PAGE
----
The Niagara asset wizard for both emitters and systems is the starting point when wanting to create VFX with Niagara. Here is a quick before and after:

There are a few concepts to understand about it, as Niagara is much more technical in nature and allows for additional markup of assets to help teams organize their VFX libraries, namely:

  • Library assets
  • Template/Standard or Parent/Behavior Example assets

Additionally, source filtering was introduced in various menus, including the asset creation wizard. While some of it should be self-explanatory, let me address the weaknesses and problems of the former wizard, and how the new wizard addresses them.

Library assets are considered part of the team’s library for reuse. Simple as that. By default, new assets are not marked as library assets so they need to be explicitly marked as such to appear as such.

In the old wizard, library assets were simply considered “more relevant” and as such, library assets were shown first as a sub-category of the template category.

You were able to access non-library assets, but had to scroll down a bunch. In general, the downside of the wizard was that it was mostly presented as a list, despite categories existing.

Both library and template assets were treated in the same way; nested categories were handling the different permutations of the two categorization factors.

In the rework, we have a much higher degree of separation. Instead of being shown a long list of assets, we can choose what to display. By default, we are only shown library assets; unticking the “Library Only” checkbox will show us non-library assets as well. In this case, library categories are introduced again to the view as to separate between the two.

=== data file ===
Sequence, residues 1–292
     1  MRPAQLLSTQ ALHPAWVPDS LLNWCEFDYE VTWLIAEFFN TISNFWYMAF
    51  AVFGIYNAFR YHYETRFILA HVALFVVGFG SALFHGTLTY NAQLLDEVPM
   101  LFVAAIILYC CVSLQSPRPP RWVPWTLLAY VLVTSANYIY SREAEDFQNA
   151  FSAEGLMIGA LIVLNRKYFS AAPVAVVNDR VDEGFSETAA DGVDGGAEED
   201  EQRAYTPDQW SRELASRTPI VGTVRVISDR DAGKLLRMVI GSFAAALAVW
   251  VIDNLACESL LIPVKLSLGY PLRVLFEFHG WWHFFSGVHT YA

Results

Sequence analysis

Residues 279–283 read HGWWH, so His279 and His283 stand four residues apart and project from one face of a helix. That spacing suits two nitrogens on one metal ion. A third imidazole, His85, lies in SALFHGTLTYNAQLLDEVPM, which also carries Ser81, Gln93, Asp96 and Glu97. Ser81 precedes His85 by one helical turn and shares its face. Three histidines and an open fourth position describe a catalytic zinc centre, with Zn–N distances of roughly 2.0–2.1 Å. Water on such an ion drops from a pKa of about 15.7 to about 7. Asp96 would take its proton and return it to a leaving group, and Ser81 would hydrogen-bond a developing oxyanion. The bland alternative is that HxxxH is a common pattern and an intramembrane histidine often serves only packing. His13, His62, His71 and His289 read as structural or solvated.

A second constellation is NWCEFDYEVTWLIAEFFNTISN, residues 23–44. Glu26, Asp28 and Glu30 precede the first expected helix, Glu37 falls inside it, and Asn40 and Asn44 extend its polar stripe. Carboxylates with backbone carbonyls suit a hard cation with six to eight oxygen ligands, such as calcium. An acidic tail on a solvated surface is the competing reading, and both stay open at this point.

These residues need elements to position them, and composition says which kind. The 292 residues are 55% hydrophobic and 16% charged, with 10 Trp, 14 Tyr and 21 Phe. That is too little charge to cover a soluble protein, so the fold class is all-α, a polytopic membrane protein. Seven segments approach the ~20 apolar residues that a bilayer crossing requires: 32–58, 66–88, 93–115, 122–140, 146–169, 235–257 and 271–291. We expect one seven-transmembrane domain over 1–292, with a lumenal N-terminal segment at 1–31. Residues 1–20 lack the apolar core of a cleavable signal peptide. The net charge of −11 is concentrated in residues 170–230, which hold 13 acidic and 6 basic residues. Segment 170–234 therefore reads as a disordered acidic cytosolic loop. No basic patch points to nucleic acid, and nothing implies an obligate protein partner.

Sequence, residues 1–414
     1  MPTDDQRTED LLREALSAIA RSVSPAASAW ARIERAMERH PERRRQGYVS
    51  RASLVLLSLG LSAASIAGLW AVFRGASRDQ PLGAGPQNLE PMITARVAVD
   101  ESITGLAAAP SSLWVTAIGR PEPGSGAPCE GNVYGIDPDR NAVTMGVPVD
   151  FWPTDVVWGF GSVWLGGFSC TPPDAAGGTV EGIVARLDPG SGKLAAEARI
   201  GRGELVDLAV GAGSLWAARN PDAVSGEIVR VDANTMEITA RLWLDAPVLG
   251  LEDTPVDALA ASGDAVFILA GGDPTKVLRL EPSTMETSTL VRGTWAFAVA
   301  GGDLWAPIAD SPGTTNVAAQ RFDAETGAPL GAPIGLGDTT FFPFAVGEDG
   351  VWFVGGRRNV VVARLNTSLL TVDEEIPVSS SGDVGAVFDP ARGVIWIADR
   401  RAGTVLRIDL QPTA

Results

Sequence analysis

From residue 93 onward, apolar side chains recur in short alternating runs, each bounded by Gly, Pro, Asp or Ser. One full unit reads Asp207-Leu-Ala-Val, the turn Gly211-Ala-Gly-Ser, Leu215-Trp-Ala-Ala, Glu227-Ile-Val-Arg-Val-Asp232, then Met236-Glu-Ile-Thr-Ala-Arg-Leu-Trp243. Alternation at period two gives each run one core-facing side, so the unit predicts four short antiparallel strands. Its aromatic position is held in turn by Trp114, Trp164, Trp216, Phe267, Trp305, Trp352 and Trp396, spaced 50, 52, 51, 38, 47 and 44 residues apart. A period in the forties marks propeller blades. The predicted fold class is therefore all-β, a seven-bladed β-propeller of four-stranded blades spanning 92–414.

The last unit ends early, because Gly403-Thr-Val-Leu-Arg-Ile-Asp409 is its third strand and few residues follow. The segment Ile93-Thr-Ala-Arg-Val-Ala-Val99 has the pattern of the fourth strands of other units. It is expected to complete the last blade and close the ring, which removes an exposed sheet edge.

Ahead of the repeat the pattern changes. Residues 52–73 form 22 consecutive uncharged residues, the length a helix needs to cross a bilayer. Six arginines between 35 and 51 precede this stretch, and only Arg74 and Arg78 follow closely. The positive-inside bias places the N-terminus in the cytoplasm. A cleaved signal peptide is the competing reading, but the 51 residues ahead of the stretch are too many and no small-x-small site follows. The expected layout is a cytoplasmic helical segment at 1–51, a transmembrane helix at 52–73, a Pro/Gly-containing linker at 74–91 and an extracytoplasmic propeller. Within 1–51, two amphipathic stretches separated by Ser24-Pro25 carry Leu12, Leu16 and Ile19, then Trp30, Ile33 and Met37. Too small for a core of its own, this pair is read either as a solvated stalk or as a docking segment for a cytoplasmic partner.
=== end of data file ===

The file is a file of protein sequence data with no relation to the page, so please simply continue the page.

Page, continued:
Behavior Example assets did not exist previously to the rework. Functionally, they behave the same as Templates, but are meant for the user to familiarize himself with different features of Niagara as means of improving the onboarding of Niagara.

In any case: Niagara emitters support inheritance, which means you can inherit from an emitter and make value changes to the structure established by the base emitter. You can also add new modules to the child emitter.

This is where templates (behavior examples too) and parent emitters differentiate. Templates do not support inheritance, while parent or standard emitters do.

When creating a new emitter from a template, you receive a copy of the template. This also means that future changes to the base emitter or template will not propagate to the child emitter. It is self contained. Standard emitters, which every new emitter by default is set to, allows for inheritance and will continue receiving changes from the base emitter.

With the inclusion of behavior examples, we no longer have a binary choice between “template or standard”, so a checkbox wasn’t enough anymore. Instead, the reworked wizard features tab-like UI. These tabs, hence the name, are mutually exclusive.

With an ecosystem that heavily relies on different kinds of assets and advanced categorization options, it is also helpful to be able to filter for different sources of assets. In large projects, you might no longer have a need for default Niagara emitters, or perhaps you are trying to get a look at all the systems contained within plugins. And Jerry’s test emitter in the developers folder surely doesn’t need to be displayed either, right?

The look of the source filtering section was made to be the similar to the content browser type filters. This way it should be intuitively understood that this is a similar system.

The library and source filtering options were also introduced to the script assets’ graph action menus, so it becomes easier to find what you are looking for, and to reduce the noise of information. Additionally, actions display their source right next to their names, adding yet another visual clue to give the user context. Here, we can see us having a “New Niagara script*”, coming from the game’s content folder.

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